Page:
Monday, October 22, 2012

Working with a dog that is nervous around humans

Very often we deal with dogs that are afraid or nervous around humans.  One great way to work with this is to teach the dog that if they give the person at the end of the leash a signal that we will get them out of the situation.  We look for what are called "calming signals" as a sign that the dog is not comfortable in the situation and then take them out of the situation.  Here is some work with Romeo, the Chihuahua.

Saturday, October 20, 2012

Jake, our foster dog!

Meet the Collins Family's new foster! Jake is a one year old neutered male Ridgeback/Boxer mix who is up for adoption. He is housebroken, crate trained and wonderful with dogs and all ages of people. The only reason he isn't in his previous home is that he wants to play with the cat too much. Please contact us or One Tail at a Timeto find out more about adopting. There will be lots of training incentives for him as well!

Monday, July 16, 2012

Another fun game!

To play Doggie, Doggie Where's Your Bone? you must have a group of two or more people with one dog.  One person has a treat in their closed fist but everyone has their fists closed in the same position so the dog can't tell who has the treat (or bone!).  Either have the dog in another room so he or she can't see who has the treat or pretend like you give a treat to everyone. The dog is then released to find the treat.  When they nudge the hand with the treat they get the treat.  Watch Darcy play it with our family and her friend Shannon.

Thursday, June 28, 2012

The Alphabet Game

As trainers we are always looking for fun ways to practice obedience.  As a lazy mom I am always looking for ways to push chores off on my kid.  The Alphabet Game accomplishes both!  The rules of the game are simple - for each letter of the alphabet the human will pop a treat in the pups mouth as long as the dog remains in one position.  You can do this with a Sit, a Down or even a Stand depending on what your dog knows.  If the dog gets out of that position then the alphabet starts over.  Have more than one child?  Make this a little competitive by seeing who can get further in the alphabet without the dog moving.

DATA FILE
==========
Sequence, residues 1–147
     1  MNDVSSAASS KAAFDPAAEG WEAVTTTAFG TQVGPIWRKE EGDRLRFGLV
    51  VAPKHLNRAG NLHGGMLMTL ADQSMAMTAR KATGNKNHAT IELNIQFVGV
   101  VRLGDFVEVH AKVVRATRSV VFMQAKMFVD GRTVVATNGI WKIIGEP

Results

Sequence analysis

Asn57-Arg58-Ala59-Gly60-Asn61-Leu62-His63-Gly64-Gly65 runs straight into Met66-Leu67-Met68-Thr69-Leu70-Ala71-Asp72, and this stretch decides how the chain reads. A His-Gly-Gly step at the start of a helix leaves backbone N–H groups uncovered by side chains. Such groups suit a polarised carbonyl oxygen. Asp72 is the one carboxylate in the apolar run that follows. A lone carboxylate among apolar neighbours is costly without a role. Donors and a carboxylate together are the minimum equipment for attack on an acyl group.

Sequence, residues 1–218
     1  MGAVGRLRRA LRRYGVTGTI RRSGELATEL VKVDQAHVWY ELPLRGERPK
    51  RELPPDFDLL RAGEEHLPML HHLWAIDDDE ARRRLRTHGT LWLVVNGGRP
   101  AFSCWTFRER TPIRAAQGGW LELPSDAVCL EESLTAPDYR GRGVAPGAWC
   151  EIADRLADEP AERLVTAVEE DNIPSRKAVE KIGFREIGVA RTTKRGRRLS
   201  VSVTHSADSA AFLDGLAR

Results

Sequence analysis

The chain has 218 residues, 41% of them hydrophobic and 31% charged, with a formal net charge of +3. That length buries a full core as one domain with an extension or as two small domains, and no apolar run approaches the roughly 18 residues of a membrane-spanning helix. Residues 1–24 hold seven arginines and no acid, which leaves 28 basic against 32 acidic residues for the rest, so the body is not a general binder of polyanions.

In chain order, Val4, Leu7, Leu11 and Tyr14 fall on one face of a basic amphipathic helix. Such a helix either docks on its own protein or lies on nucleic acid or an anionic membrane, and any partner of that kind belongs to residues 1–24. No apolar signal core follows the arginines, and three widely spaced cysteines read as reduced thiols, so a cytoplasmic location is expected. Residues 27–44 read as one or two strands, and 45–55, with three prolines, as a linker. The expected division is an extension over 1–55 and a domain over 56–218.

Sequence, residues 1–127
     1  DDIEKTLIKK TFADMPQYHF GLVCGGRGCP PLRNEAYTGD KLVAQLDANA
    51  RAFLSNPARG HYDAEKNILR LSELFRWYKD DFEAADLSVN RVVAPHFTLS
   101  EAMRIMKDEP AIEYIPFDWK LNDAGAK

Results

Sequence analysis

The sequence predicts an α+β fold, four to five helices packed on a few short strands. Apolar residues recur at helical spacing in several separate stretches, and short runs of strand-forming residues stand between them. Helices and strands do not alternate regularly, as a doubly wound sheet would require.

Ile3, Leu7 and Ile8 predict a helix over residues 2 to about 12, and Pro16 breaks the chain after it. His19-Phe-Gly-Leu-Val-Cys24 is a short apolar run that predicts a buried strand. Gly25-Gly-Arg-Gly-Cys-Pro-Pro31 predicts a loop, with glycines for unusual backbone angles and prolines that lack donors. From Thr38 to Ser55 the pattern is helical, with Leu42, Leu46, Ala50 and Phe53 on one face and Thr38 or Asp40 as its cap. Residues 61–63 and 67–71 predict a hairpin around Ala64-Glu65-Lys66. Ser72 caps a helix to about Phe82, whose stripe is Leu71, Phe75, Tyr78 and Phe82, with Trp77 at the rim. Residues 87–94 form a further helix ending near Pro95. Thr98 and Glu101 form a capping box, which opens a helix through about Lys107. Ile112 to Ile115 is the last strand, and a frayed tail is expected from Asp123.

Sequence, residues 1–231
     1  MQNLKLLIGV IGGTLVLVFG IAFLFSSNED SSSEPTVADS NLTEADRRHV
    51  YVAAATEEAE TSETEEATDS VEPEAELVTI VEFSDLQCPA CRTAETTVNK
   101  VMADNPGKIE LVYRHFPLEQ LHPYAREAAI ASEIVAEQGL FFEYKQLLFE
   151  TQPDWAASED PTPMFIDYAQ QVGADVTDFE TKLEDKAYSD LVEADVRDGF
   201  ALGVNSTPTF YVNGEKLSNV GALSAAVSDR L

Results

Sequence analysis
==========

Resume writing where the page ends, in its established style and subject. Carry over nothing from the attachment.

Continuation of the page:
The treats must be in a bowl or in a pocket so the human has to reach to get each treat.  No fair having multiple treats in your hand so you can say the letters really quickly!  And if your pup has a bit of a harder mouth (you hear Justin say "ow" a few times when Darcy gets too into the game) you can have the person hold the treat in a flat palm rather than pinched between fingers.

Sunday, May 13, 2012

Fun and Games with Darcy

I have long wanted one of these toys because they are beautifully made and seem like they would be a lot of fun for a dog.  This one is called the Dog Brick and they are made by Nina Ottosson.  This is Darcy's first attempt with it.  There are treats in the wells so she is supposed to move the black slides out of the way to get the treat.  In true terrier style, she is most successful by just pawing the crap out of it.  She does try to chew and pick it up in her mouth but thankfully it is well made and heavy so she doesn't get much out of that.

Thursday, January 26, 2012

Darcy's calming signals

One thing Darcy doesn't like is being in an enclosed space.  Even when it is me, she gets a little nervous.  Unfortunately to go to our backyard she needs to go through a space that puts her in the social space of people (because we have to open the door).  With people she doesn't know well she will not go at all.  With us she gives crazy calming signals to show that she doesn't like the situation.  Once she is outside she is happy as a clam.  But getting there is the battle.  Here is a video and a list of the calming signals she exhibits:

00:00:18 - Shake off
00:00:19 - Lip lick
00:00:21 - Look away
00:00:22 - Stretch
00:00:25 - Lip lick
00:00:26 - Walk away
00:00:34 - Lip lick
00:00:40 - Stretch
00:00:42 - Lip lick
00:00:44 - Yawn

Can you find any more?

Wednesday, January 18, 2012

Canine Good Citizen Practice

When we work with dogs beyond basic obedience one of our main focuses is often getting the dog their Canine Good Citizen certificate.  The CGC is an AKC developed test that determines if a dog is a "good member of the canine community".  The widest use I find for it is going into therapy work but even if owners are not planning on that, all the steps of the test are behaviors that most owners in an urban environment would like their pups to be able to do.  To help our students practice for the test and to educate more people about the test we did some brief videos to outline what is required in each step.  Please note: these are intended to be information for practice.  We are using treats which is not allowed in the test.  But to get a dog to work as hard as they need to in order to pass this test we need to give them a paycheck!

CGC #1: Accepting a friendly stranger

CGC #2: Sitting politely for petting

CGC #3: Appearance and Grooming

CGC #4 and #5: Out for a walk and walking through a crowd
Since we did this in my home we didn't have much room or a crowd to work on these steps!

CGC #6 and #7: Sit, Down, Stay and coming when called

CGC #8: Reaction to another dog

CGC #9: Reaction to a distraction

CGC #10: Supervised separation
Since the only people around were family members we couldn't do Supervised Separation with our dog!